Although Southwest is officially a “low-cost airline”, it actually offers more than most airlines. The situation is different with the ultra-low-cost carriers Frontier, Spirit, etc. They are more comparable to Ryanair, but a little bolder when it comes to fees. For example, Frontier will fly you from Las Vegas to Denver for US$39 (~€37). But then only one personal item is included, and just for a large piece of hand luggage, you’d have to pay another US$54 (~€51).
But that’s less of a concern here. Instead, there’s a “trick” on how you can save up to US$23 (~€22) in each direction. When you break down the price, you will see that a large part of the ticket price is caused by the carrier interface charge. In short, a fee for booking online:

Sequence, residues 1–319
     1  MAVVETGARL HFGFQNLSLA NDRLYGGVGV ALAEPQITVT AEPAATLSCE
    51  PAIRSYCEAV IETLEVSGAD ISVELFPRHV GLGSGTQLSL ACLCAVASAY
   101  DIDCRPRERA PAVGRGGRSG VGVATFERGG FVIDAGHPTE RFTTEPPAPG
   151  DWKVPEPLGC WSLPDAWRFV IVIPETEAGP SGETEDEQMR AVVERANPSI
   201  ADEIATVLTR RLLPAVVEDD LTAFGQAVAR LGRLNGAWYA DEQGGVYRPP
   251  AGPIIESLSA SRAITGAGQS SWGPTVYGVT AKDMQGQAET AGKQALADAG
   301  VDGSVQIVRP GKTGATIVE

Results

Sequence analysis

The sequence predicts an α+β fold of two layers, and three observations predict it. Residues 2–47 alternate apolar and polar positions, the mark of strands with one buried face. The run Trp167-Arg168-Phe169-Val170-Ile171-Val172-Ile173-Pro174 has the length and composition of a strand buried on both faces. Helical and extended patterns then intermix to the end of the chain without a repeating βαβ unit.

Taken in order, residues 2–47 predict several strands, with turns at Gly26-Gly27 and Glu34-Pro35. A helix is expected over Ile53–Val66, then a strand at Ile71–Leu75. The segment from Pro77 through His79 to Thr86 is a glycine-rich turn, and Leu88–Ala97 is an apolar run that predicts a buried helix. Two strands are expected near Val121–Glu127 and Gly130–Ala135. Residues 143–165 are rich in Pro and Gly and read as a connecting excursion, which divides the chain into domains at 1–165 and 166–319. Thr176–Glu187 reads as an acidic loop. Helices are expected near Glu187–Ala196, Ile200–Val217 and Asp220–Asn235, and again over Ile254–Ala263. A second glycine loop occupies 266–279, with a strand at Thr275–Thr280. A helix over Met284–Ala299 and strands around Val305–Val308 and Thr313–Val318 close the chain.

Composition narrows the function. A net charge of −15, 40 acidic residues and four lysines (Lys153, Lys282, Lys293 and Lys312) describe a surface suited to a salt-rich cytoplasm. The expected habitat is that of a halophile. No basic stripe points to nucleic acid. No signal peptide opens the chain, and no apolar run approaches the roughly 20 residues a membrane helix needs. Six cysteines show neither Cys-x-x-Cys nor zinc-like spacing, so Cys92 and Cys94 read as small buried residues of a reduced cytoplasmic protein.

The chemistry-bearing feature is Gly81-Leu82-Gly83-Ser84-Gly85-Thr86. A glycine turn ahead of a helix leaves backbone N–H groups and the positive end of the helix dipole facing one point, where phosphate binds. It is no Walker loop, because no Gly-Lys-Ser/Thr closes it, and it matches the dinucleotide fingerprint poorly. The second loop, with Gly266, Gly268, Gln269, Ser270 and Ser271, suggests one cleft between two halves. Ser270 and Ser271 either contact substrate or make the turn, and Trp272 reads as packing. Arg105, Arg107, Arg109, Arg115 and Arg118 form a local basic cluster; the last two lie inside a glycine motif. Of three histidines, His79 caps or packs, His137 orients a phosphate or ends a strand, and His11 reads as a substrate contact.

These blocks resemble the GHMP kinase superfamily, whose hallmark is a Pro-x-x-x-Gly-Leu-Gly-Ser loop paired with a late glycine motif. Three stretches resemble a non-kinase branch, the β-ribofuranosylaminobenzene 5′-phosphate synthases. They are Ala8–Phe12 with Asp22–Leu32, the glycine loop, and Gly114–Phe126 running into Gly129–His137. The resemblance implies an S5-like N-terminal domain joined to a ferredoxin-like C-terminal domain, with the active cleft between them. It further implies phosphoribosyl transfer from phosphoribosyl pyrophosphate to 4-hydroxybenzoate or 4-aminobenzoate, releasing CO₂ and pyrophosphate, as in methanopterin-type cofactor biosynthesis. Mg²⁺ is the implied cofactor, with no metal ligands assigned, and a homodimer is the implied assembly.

Frontier lists this as an optional fee, so you don’t have to pay taxes on it. And indeed, there is a way to avoid the US$23 (~€22): Book the flights the old-fashioned way at the airport counter. In this case, you would only pay US$16 (~€15) for this flight instead of US$39 (~€37).
Of course, it’s not worth the trip to the airport just for the one ticket – but if you book several flights/seats at once, it can start to make sense. In practice, however, this is almost only an option for short-term bookings. Because such ticket counters are only available at airports that Frontier flies to. More on this at Flyertalk.
You can save the most money if you don’t rent a car and only use public transport. It’s the best choice in New York anyway, and it works well in San Francisco too – at the same time, you don’t have to worry about car break-ins.
Public transport in the USA is usually so cheap that you don’t need many money-saving tips. Anyway, three ideas:
10-ride ticket for the AirTrain JFK
Arriving at and flying back from John F Kennedy Airport? Then you shouldn’t just blindly pay the fee for the AirTrain four times. It now costs US$8 (~€8) for the short distance to the nearest subway station. The better alternative: A 10-ride card for US$26 (~€24) incl. a 1 dollar issuing fee.